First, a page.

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Sorry, we could not find any tours for Supreme Life Building, Chicago

Supreme Life Building, Chicago

Built to house the first African-American insurance company, which was one of the few Black Metropolis businesses to survive the Great Depression.

Built to house the first African-American insurance company, which was one of the few Black Metropolis businesses to survive the Great Depression. The building houses the brand new Bronzeville Visitor Information Center (see below) and is finally undergoing a proper restoration which will restore the 1920 classical façade.


Hours

Sun

9:30

18:30

Mon

NA

Tue

10:00

18:00

Wed

10:00

18:00

Thu

10:00

18:00

Fri

10:00

16:30

Sat

10:00

13:00

About Supreme Life Building

 411 East 35th Street, Chicago, IL, United States

 +1 773-819-5170

 bviconline.info

Supreme Life Building and Nearby Sights on Map

Bronzeville Visitor Information Center

The Bronzeville Visitor Information Center seeks to provide visitors with orientation and offers tours, exhibits, and a small gift shop

Victory Monument (Chicago)

This monument was built in 1928 to honor the service of the African-American Eighth Regiment of the Illinois National Guard in France during World War I

Sunset Cafe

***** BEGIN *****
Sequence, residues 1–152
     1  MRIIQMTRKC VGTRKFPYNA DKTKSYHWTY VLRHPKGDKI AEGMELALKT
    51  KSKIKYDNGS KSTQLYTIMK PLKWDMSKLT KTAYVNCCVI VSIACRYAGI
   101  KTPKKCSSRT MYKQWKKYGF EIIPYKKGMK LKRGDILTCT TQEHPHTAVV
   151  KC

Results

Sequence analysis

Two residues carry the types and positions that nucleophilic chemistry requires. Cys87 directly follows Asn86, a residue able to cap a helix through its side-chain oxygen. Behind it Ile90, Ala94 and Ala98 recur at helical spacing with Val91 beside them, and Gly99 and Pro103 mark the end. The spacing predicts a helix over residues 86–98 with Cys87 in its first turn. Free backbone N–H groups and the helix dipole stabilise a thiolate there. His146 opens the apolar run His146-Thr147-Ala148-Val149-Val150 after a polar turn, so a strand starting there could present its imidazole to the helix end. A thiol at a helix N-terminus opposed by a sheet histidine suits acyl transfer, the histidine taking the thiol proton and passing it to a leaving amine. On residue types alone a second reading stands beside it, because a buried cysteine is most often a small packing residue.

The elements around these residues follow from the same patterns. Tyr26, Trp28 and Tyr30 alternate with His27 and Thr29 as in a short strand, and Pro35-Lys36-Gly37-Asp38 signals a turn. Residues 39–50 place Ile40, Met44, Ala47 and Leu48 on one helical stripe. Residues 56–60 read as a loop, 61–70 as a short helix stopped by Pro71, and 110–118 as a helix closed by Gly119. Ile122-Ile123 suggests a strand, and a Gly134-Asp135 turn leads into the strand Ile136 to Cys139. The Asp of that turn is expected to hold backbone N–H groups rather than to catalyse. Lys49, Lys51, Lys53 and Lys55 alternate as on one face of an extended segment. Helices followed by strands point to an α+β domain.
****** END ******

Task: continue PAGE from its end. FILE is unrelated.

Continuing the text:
Countless jazz legends played at this legendary jazz club, including: Bix Beiderbecke, Jimmy Dorsey, Benny Goodman, Earl Hines, Fletcher Henderson, Count Basie, and of course, Louis Armstrong

Ida B. Wells House

The home of Ida B Wells, prominent African-American civil rights activist and suffragette, founder of the Black Women's movement, and founding member of the NAACP, lived here from 1919–1929

Eighth Regiment Armory

This was the first armory for an African-American regiment, serving the 'Fighting 8th,' which fought in the Spanish-American War and served with distinction in World War I

Chicago Defender Building

Initially built in 1899 as a Jewish synagogue, this building housed the Chicago Defender (the nation's foremost African-American newspaper through World War I) from 1920-1960

Stephen A Douglas Tomb and Memorial

A 46 ft tall column marks the mausoleum of one of the most prominent senators in US history (a prominent resident from whom the Douglas neighborhood gets its name), who ran and lost against Abraham Lincoln for the U

Unity Hall

Built in 1887 to house a Jewish social organization, this building became famous as the headquarters of the Peoples Movement Club, founded by Oscar Stanton De Priest (1871-1951), the first African-American on Chicago's City Council and the first northern black delegate to the U

South Side Community Art Center (SSCAC)

A community arts center open since 1940, which was for long the only place around where minority artists could exhibit there work

Chicago Bee Building

The home of the Chicago Bee Newspaper, which was founded by Anthony Overton to promote black businesses and issues